Why a Moralizing Trump Could Be More Dangerous Than a Transactional One

Why a Moralizing Trump Could Be More Dangerous Than a Transactional One
President Donald Trump delivers a speech to the Arab Islamic American Summit, at the King Abdulaziz Conference Center, Riyadh, Saudi Arabia, May 21, 2017 (AP photo by Evan Vucci).

Has Donald Trump lost faith in realpolitik? On the campaign trail, the U.S. president promised to adopt a hard-nosed approach to promoting America’s interests. He ostentatiously spurned the stock talking points about his country’s values and global mission that most presidential candidates tend to trot out.

Since taking office, Trump and his advisers have sometimes repeated the case for a cold-eyed approach to foreign affairs. The president told one interviewer that the U.S. is not morally superior to Russia. Secretary of State Rex Tillerson has warned diplomats that an excessive emphasis on advancing American values “really creates obstacles to our ability to advance our national security interests, our economic interests.”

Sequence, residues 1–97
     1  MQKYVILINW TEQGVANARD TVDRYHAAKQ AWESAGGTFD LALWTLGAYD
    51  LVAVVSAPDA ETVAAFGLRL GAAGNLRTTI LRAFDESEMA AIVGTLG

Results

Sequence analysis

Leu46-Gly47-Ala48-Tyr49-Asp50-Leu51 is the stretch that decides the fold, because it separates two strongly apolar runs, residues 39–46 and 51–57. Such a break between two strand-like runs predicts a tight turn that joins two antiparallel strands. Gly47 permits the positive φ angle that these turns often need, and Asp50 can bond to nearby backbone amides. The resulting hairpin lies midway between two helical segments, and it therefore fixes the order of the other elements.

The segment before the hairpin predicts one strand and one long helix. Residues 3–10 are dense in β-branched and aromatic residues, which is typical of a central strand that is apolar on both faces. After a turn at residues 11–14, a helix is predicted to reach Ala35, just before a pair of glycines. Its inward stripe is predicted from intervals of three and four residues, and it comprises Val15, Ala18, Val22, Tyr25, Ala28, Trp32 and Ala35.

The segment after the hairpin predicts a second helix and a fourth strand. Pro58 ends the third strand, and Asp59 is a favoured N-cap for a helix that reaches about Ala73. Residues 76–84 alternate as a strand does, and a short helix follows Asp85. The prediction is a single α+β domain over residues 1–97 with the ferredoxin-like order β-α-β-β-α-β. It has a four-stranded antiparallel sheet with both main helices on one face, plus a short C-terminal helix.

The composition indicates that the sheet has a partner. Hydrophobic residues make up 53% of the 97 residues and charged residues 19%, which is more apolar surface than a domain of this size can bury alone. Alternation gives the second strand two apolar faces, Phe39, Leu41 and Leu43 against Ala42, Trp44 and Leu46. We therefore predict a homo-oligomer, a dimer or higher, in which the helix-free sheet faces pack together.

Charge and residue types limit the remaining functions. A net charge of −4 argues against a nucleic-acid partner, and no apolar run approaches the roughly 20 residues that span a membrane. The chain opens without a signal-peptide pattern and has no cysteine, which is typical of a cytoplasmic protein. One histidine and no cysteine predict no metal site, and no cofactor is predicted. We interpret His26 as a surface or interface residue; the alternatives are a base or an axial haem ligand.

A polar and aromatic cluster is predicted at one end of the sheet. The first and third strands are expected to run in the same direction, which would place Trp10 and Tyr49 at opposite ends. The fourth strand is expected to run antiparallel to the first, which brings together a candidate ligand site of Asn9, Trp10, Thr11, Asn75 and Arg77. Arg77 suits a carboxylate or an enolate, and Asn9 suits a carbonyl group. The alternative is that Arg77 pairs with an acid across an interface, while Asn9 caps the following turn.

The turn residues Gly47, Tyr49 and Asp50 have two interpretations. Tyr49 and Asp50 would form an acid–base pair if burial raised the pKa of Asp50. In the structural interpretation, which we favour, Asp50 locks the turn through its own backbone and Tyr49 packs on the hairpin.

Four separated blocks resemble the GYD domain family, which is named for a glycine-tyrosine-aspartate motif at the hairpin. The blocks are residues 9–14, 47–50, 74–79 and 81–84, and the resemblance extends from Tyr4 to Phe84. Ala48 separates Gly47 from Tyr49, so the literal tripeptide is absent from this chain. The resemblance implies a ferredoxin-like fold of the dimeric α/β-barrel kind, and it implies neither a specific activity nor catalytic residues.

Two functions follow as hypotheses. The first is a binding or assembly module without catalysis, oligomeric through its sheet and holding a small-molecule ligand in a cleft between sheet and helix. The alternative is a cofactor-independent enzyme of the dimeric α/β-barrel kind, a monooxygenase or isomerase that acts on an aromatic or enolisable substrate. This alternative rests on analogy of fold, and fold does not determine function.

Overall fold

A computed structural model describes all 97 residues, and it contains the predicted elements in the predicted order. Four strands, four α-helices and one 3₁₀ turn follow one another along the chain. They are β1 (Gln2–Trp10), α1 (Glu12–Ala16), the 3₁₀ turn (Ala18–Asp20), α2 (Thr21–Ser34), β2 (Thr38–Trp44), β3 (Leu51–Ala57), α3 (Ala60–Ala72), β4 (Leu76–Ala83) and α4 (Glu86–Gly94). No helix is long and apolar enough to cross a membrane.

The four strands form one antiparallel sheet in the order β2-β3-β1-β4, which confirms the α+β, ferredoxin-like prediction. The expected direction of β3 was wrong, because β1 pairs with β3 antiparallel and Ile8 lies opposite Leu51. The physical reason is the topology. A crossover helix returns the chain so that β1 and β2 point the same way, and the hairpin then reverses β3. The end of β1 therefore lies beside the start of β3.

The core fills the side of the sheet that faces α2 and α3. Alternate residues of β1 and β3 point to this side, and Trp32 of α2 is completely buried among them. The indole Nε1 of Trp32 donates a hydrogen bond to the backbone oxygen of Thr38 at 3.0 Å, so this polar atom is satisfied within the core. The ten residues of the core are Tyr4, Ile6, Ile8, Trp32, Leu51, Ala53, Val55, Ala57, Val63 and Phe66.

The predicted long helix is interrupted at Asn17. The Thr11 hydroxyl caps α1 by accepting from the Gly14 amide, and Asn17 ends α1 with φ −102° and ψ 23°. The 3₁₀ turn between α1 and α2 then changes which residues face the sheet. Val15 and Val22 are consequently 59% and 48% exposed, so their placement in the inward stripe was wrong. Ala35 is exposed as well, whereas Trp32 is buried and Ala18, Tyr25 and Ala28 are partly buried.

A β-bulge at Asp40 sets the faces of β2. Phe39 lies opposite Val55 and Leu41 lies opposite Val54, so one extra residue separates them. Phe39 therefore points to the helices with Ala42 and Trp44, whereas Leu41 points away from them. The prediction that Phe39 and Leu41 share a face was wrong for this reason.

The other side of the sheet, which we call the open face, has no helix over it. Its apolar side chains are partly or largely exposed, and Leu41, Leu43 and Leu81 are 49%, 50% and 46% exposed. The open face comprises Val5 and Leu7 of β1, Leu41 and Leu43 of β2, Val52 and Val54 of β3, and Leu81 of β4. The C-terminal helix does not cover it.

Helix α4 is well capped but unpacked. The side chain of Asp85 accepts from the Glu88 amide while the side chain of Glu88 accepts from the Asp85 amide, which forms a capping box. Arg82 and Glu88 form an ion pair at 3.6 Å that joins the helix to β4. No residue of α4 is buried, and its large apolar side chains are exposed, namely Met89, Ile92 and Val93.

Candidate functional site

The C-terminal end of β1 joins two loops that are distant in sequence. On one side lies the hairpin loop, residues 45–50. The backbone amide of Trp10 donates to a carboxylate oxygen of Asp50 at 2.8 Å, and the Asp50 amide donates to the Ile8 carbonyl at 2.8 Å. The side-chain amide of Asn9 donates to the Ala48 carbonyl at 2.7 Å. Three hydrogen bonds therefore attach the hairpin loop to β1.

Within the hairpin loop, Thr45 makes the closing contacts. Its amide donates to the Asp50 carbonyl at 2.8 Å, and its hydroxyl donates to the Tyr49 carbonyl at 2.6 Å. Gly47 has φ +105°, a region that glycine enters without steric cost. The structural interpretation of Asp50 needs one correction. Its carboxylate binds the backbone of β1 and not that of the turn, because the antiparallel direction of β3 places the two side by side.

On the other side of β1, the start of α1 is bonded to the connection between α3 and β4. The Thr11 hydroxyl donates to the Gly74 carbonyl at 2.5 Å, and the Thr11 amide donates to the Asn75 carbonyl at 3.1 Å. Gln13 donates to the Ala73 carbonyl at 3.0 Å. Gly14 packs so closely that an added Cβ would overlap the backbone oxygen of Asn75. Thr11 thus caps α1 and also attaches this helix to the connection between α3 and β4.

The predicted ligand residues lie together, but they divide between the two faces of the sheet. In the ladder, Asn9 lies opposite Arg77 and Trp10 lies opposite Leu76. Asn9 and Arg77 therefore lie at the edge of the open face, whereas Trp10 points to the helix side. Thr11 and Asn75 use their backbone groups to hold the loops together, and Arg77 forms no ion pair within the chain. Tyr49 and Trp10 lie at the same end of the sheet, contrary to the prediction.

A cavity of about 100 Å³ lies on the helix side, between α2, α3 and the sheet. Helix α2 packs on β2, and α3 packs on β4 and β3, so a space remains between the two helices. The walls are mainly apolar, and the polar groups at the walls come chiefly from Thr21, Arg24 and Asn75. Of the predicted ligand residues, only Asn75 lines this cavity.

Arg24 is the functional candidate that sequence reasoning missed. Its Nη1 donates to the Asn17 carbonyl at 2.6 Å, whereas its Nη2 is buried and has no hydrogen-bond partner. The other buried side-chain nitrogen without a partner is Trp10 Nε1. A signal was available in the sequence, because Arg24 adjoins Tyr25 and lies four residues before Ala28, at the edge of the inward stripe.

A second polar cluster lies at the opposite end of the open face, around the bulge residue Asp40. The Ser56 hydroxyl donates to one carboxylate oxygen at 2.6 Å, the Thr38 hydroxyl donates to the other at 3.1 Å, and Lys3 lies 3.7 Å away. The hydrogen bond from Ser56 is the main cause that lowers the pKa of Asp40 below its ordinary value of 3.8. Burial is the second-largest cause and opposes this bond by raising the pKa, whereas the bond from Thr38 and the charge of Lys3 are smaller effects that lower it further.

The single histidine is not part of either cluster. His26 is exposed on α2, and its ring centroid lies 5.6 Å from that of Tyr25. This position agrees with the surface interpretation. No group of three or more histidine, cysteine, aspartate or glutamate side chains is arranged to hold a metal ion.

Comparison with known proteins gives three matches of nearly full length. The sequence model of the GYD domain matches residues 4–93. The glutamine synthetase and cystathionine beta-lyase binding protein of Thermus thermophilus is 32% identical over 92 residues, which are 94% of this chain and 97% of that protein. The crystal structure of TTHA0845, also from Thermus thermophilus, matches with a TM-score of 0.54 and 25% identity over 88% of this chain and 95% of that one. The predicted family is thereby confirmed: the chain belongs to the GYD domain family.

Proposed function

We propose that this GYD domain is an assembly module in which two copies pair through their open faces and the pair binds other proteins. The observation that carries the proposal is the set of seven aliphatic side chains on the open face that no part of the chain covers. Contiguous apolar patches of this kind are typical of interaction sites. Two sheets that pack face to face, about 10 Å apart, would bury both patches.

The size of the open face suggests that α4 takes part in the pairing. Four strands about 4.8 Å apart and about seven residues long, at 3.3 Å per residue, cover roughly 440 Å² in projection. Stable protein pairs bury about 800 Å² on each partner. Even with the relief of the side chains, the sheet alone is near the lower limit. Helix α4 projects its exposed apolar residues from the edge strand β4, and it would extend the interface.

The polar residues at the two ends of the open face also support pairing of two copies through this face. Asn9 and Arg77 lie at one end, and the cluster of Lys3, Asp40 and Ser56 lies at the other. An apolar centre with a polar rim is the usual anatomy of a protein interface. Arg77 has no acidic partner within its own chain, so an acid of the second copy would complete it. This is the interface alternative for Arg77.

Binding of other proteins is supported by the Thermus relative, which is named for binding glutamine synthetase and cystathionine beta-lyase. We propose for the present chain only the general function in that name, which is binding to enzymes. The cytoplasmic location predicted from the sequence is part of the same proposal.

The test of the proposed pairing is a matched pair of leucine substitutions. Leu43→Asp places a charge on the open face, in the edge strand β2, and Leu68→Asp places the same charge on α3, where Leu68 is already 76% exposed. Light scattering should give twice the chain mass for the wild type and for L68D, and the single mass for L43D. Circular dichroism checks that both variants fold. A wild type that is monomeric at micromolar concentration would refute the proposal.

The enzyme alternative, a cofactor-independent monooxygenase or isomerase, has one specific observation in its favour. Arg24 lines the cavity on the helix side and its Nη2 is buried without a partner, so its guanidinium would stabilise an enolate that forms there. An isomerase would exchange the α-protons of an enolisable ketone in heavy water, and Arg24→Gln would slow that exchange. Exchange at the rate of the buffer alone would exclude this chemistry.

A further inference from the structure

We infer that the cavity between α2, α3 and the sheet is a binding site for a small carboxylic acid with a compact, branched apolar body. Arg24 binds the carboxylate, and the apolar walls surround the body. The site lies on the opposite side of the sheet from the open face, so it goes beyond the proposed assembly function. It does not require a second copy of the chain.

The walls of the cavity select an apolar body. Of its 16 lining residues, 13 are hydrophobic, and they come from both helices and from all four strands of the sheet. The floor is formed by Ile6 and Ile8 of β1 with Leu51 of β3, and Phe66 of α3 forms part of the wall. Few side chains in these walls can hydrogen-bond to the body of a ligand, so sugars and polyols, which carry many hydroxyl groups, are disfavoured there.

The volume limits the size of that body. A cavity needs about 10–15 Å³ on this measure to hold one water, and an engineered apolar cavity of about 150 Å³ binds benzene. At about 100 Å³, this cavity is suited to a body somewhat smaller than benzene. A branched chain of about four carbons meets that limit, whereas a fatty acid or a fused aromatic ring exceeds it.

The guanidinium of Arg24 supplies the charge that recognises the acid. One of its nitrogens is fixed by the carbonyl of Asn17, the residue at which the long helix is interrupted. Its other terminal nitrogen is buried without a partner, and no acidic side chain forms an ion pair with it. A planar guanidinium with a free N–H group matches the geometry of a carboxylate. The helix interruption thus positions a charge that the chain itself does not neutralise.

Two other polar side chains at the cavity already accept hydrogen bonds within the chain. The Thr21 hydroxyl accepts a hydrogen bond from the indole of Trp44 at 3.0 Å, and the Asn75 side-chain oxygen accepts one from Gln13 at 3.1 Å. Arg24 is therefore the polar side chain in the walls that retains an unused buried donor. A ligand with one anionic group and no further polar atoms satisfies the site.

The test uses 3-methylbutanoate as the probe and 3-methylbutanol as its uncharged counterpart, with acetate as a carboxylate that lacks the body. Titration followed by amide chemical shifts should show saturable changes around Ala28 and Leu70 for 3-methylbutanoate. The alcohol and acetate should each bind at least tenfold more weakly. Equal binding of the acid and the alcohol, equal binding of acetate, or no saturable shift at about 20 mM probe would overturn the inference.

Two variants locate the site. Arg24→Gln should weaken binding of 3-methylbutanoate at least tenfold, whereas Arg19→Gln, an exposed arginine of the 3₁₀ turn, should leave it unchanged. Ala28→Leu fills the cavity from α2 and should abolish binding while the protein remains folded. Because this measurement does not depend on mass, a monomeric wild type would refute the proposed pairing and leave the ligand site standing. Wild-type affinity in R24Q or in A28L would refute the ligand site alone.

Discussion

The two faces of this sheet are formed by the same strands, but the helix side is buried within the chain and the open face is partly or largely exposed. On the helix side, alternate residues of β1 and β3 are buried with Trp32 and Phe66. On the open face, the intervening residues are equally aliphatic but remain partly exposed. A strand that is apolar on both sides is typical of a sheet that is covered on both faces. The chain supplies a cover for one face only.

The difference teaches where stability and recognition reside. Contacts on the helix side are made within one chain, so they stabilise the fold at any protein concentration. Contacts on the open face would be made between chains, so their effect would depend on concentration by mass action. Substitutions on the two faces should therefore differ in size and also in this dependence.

Yet the administration has not been able to resist the appeal of highly moralistic rhetoric. In Riyadh this weekend, Trump gave a speech on Islamist extremism suffused with religious language. He framed the battle against groups like al-Qaida and the so-called Islamic State as war between good and evil, and threatened terrorists with damnation. “If you choose the path of terror your life will be empty, your life will be brief,” the president intoned, “and YOUR SOUL WILL BE CONDEMNED.” The capitals are in the official version of the speech.

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